Government encourages private sector participation in PNG’S energy sector
Papua New Guinea’s national government is encouraging the private operators to generate and supply electricity to state utility PNG Power, which in turn may be set for a partial privatisation.
The lack of a reliable energy supply is consistently identified as an impediment to doing business in PNG— indeed, unreliable utilities were named as the second most critical issue facing business in this year’s PNG 100 CEO Survey (see page 10). Most companies of any size are thus forced to have the generators necessary to meet their own energy needs—a major added cost.
It is no simple matter to supply electricity across a country with a geography and climate such as PNG. State electricity company PNG Power currently runs three main separate power grids and 16 smaller systems, while Western Power owns and operates small isolated grids in Western Province. To complete the complex power mix, there is some private generation for mining operations, as well as mini-grids in provincial centres and stand-alone generators for individual businesses and communities.
PNG’S total installed capacity is about 500MW, according to the Senior Investment Officer at the Asian Development Bank’s Sustainable Infrastructure, Srinivas Sampath, which means only 13% of the country has access to electricity. The aim, he told the 2014 PNG Advantage Investment and Infrastructure Summit, is that by 2030, 70% of the country will have access to electricity.
The challenges facing energy providers in PNG include a reliance on imported diesel, exponentially-increasing demand, and a remote and harsh terrain over which to establish and maintain transmission lines.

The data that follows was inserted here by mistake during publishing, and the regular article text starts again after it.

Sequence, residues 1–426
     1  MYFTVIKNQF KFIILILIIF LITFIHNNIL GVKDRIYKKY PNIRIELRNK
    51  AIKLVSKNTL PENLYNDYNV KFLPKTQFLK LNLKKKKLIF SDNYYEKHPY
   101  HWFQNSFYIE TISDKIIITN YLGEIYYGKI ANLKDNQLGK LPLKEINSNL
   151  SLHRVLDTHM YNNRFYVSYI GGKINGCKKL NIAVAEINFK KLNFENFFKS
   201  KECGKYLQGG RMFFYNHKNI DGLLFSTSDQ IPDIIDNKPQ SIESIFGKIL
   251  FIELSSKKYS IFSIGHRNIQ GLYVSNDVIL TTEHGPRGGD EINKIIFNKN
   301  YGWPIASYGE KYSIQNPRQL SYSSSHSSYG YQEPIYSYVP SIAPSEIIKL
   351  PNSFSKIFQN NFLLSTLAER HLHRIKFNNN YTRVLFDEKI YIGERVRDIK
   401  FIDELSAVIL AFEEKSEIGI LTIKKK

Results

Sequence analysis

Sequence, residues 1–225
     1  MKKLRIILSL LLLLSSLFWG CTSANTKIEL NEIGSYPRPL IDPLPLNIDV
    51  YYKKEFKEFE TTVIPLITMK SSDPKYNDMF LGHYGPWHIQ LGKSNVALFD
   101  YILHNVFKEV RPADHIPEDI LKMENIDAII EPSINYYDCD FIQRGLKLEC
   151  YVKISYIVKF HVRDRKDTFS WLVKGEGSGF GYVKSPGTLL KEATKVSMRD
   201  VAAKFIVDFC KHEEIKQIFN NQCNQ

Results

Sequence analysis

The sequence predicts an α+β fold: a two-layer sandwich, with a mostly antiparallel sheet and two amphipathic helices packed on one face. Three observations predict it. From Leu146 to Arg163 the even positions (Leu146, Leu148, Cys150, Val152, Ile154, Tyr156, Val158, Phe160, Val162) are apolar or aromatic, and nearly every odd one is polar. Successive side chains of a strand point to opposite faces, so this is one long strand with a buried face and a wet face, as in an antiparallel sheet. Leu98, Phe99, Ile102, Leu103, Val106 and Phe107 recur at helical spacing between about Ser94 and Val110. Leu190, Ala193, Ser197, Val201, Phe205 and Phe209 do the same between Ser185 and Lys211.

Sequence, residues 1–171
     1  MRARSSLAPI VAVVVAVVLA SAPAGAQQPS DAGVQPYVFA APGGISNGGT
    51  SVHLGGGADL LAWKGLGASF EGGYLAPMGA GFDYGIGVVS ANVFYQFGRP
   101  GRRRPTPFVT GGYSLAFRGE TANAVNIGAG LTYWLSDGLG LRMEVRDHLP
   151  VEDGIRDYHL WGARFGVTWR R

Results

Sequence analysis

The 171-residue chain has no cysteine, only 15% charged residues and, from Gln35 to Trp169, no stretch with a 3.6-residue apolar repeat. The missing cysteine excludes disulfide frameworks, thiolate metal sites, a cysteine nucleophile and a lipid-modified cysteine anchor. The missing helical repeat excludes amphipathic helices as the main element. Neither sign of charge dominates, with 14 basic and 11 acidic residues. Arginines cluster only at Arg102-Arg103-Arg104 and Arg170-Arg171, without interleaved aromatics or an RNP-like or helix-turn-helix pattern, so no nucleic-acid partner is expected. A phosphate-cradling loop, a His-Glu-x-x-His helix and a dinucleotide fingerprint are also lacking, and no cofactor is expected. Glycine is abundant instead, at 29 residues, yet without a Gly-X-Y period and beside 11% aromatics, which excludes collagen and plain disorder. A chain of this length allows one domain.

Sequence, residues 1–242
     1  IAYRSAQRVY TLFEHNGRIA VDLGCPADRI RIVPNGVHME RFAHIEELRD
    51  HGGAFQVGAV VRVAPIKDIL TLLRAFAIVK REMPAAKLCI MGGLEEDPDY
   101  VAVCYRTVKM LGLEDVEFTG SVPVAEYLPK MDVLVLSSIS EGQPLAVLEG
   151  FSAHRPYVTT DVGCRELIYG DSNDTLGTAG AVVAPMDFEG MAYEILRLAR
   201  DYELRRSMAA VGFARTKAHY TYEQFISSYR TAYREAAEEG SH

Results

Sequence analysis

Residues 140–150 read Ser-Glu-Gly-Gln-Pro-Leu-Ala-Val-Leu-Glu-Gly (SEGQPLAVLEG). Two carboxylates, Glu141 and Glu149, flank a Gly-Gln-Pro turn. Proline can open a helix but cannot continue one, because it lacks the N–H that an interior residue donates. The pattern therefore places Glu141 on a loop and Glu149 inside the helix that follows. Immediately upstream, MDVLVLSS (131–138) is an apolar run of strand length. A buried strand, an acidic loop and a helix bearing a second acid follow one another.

Reform under way
While a declared state of emergency in the power sector in early 2015 suggests that inherent problems in PNG’S energy sector persist, there are clear signs of both progress and reform.
Public Enterprise and State Investment Minister Ben Micah told the 2014 PNG Advantage Investment and Infrastructure Summit that all new major power generation projects will come from Independent Power Producers in the private sector. Already, companies such as New Britain Palm Oil and PNG
Forest Products are selling excess power to their regional grids and several other companies are in negotiations.
Reference pricing will also be introduced to help calculate prices.
Alternative power sources
PNG Power is looking at private enterprise to provide gas, biomass and geothermal as alternative energy sources to imported oil.
‘One of the most fundamental ways of reducing the cost electricity is through reducing diesel consumption,’ says Paul Nerau, Chairman of the Independent Public Business Corporation, the state company which manages PNG Power and other state-owned enterprises.
The national government has acquired two gas turbine generators, which will supplement power demand by 30 megawatts in Port Moresby and Lae, he says.
In January, Exxonmobil—which operates the country’s first LNG plant—signed an memorandum of understanding with the PNG Government to supply up to 20 million cubic feet a day of natural gas for 20 years for domestic consumption.